Differentiation in learning

The University recognises the diversity in backgrounds, skills, talents and needs of its student population. To satisfy their interests and meet their personal ambitions for future careers, it  endeavors to meet students’ demand for personalisation of the curriculum and learning routes. It further recognises the importance of an enriched curriculum by offering multi-disciplinary and interdisciplinary approaches to learning, choice through enhanced curricular pathways and a variety of opportunities to gain international experience including work placements, study/research abroad and attracting international staff.

  • What are the university's objectives with this theme?
  • What are the key aspects?
  • What are important questions?
  • How do we know we’re making progress?
  • Further reading
  • Example: individual track (Honours College FSW)

  • Students develop the skills to help fulfill their ambitions;
  • Facilitating more personalised learning experiences;
  • Programmes offer the opportunity to students to develop a wide range of talents.

In order to achieve personalisation of the curriculum, and engage and motivate students, it is important to actively engage them in their future career path based on their interests and ambitions. This can be done by offering them choice in modules, differentiation methods in teaching and learning, interdisciplinary minors or extracurricular opportunities, for example through the Honours track. Also, Leiden University is one of the nine high-ranking universities that have signed an agreement for a virtual exchange, whereby they offer the option of taking online elective courses  to gain credits for bachelor or master degrees in the Netherlands and abroad. (See Internationalisation and diversity)

When giving students a lot of freedom in the choice of modules, it is important that they get help  with their module choices and producing a rational study pathway. For example, do the chosen modules complement each other and will they form a comprehensive body of knowledge, or a programme of transdisciplinary subjects? For students, choosing an individual study pathway is an important decision that will impact on a future career. Lack of appropriate information and guidance, could lead to poor choices, which can lead to disengagement and in the worst-case scenario even drop out. Consequently it is important to provide comprehensive  information that is easily accessible (information days, Honours track orientation module, websites, student one-stop services). Students should also have the opportunity to get personal advice on their study trajectory from both the academic (study advisors) and career perspective (career service)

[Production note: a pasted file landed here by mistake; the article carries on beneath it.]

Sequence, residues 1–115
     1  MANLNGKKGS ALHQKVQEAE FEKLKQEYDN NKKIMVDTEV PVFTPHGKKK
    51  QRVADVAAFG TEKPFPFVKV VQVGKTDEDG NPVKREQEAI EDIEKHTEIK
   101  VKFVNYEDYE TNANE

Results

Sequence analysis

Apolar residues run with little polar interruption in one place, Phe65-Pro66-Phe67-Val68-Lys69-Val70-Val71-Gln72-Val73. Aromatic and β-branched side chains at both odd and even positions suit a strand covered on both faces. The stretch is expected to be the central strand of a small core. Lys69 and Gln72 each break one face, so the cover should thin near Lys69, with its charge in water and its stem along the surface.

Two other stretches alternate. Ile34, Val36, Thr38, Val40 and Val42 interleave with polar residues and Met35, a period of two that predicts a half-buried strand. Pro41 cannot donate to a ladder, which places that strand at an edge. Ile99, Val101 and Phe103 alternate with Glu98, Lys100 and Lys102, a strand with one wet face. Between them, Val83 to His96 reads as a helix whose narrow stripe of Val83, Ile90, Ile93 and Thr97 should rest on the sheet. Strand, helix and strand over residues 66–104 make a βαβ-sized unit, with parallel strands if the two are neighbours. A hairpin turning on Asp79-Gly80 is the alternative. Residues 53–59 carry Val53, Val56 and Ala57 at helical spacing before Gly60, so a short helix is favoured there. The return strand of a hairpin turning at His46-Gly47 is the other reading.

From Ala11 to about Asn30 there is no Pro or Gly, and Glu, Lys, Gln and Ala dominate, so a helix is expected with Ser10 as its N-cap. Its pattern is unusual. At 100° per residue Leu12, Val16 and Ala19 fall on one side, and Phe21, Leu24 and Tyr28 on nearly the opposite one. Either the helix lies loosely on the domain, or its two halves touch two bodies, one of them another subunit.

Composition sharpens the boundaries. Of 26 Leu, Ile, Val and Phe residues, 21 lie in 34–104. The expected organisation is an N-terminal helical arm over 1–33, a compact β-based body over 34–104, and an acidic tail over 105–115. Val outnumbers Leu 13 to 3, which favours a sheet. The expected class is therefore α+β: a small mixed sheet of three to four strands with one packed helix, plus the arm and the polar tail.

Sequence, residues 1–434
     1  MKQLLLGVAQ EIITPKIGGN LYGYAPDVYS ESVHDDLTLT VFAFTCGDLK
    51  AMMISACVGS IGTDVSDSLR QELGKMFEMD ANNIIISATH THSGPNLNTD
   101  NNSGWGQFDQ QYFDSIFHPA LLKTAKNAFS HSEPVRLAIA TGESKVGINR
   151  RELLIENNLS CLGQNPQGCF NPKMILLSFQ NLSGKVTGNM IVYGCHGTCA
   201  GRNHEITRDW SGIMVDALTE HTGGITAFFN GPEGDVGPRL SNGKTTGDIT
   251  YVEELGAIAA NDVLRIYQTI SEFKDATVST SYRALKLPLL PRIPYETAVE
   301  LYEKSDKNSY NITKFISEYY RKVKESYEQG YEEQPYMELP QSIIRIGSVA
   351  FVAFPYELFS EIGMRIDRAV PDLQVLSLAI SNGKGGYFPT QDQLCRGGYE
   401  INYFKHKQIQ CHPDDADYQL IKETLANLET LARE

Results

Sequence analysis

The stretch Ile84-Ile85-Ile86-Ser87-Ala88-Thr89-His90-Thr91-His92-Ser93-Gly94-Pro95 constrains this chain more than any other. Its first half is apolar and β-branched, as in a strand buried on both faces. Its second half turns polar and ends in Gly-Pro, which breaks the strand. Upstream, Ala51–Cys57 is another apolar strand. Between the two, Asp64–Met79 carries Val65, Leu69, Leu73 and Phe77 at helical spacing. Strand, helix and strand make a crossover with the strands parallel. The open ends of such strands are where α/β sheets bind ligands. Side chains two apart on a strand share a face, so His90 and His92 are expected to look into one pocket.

Besides offering students choice in modules and extracurricular opportunities, we should also consider differentiated learning and instruction approaches to give students choice in the pace, place and mode of their learning. For example, when teaching a group of students with different needs and talents, we should consider giving students the opportunity of employing a variety of talents in assignments and learning new skills in a safe environment. (see also Activing Teaching and Learning). Differentiation requires lecturers to tailor their practices to their students’ profiles and requires flexibility in terms of design, content, assessment and the grouping of students.